At least 53 workers have died and many more have been injured in a fire that raged through the Hashem Foods factory in Rupganj, near Dhaka. Given that a large number of children were illegally employed as child labour in the factory, the actual number of deaths and injuries remains unknown. Relatives are still searching for missing workers, mostly women and girls.
- Fueled by the highly flammable chemicals and plastics stored in the factory, the fire which started on July 8, burned for two days. Initial investigations confirm that doors on at least two floors were locked, the main gate was locked, and children as young as 11 years old were working in the factory. In a desperate attempt to escape the flames, some workers were forced to jump from the upper floors of the six-storey building
- Hashem Foods, part of the Sajeeb Group of companies, produces branded goods including Oreo, Tang and Cadbury Bournvita – brands which are owned by Mondelēz. However, the page on the company’s website confirming these relationships was taken down within hours of reports of the fire
- IUF affiliates in Bangladesh responded rapidly to the disaster. They formed the Sajeeb Group Workers Justice Committee and are calling for an independent investigation into the violation of workers’ rights, including health and safety rights at the Hashem Foods factory as well all factories operated under Sajeeb Group and to take legal action against those responsible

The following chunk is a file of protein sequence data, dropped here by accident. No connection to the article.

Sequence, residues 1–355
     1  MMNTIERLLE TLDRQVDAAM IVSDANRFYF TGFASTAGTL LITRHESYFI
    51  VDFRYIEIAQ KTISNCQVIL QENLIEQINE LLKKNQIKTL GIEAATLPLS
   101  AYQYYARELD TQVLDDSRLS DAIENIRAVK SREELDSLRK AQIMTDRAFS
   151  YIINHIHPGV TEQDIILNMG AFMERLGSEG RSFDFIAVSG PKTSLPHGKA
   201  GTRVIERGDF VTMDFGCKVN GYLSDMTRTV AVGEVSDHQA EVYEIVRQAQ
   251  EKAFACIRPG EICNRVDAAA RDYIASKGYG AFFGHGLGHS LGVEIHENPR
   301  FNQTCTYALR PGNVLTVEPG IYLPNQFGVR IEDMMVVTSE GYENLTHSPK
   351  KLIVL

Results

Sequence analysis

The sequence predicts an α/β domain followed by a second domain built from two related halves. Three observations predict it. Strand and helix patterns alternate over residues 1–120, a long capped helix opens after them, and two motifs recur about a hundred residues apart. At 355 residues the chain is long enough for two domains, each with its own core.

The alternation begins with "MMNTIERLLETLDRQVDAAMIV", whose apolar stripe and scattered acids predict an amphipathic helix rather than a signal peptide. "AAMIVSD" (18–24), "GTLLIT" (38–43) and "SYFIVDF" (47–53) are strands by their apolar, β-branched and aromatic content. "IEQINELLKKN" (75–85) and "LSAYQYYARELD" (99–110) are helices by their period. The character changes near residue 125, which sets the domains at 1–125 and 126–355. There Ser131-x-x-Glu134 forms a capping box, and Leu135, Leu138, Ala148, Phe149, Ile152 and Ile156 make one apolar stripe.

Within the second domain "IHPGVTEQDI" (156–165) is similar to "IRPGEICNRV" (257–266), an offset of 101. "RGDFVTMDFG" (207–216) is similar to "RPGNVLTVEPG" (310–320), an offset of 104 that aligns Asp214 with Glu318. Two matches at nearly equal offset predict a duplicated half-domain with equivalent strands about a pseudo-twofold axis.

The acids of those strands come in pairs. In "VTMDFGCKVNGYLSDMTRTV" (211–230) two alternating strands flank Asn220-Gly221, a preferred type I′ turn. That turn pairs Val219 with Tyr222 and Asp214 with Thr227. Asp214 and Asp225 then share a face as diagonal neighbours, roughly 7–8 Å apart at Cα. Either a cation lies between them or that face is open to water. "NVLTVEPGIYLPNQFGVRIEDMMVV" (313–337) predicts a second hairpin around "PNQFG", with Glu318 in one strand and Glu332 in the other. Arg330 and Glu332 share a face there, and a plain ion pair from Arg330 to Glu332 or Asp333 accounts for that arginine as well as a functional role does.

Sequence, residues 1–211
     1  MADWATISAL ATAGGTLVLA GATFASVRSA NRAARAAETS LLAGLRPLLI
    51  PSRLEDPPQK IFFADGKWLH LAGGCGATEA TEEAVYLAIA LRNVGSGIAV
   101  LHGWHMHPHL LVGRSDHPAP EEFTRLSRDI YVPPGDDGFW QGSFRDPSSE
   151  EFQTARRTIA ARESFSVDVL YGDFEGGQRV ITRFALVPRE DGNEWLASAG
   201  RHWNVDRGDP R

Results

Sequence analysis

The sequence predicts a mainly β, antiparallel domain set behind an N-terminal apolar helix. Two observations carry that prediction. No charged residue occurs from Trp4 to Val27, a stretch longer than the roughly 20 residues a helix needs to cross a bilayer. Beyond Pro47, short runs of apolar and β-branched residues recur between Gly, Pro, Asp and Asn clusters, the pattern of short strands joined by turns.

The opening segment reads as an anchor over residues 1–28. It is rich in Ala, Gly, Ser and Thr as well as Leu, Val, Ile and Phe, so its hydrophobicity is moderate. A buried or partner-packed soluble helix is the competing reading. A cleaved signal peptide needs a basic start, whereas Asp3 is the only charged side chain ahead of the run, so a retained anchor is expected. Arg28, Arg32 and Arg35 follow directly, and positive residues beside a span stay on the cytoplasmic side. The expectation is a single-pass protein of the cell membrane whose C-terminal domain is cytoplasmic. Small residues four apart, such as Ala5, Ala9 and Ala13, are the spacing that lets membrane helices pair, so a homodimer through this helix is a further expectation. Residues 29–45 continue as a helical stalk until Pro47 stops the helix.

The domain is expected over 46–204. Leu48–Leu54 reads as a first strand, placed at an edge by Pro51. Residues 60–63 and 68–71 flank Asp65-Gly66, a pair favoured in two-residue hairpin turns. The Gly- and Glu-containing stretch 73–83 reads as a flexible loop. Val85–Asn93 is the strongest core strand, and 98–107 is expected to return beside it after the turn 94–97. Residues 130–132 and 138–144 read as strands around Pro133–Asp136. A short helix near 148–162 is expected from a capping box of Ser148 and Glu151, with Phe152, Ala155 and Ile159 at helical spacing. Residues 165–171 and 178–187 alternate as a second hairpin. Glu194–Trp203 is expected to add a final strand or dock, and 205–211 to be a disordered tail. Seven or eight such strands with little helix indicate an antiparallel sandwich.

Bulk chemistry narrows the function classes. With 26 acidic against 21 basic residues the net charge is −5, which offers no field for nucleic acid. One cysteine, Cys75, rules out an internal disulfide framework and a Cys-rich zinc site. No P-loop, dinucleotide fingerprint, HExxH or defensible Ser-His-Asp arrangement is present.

- The Justice Committee also demanded that the costs of all necessary medical treatment be met and compensation paid to the injured workers and the families of deceased workers
- The IUF is calling on global companies that have a business relationship with Hashem Foods to support demands for a full investigation into the fire, to commit to pay compensation, and to work with the IUF to find effective solutions to the long-running, widespread occupational health and safety issues in Bangladesh’s food factories
“This callous disregard for human life in food factories in Bangladesh has been going on for too long and must stop. Employers can ignore health and safety laws and disregard post-Rana Plaza measures because they can so easily suppress the right to freedom of association and create a climate of fear. Add extreme poverty to this fear and we have the appalling situation in food factories where children as young as 11 years old are exploited as child labour. Now these children, along with adult workers, have been killed as a direct result of the systematic repression of workers’ rights. It must stop!” declared IUF Asia/Pacific Regional Secretary, Hidayat Greenfield.
Photo Credit: Mohammad Ponir Hossain/Reuters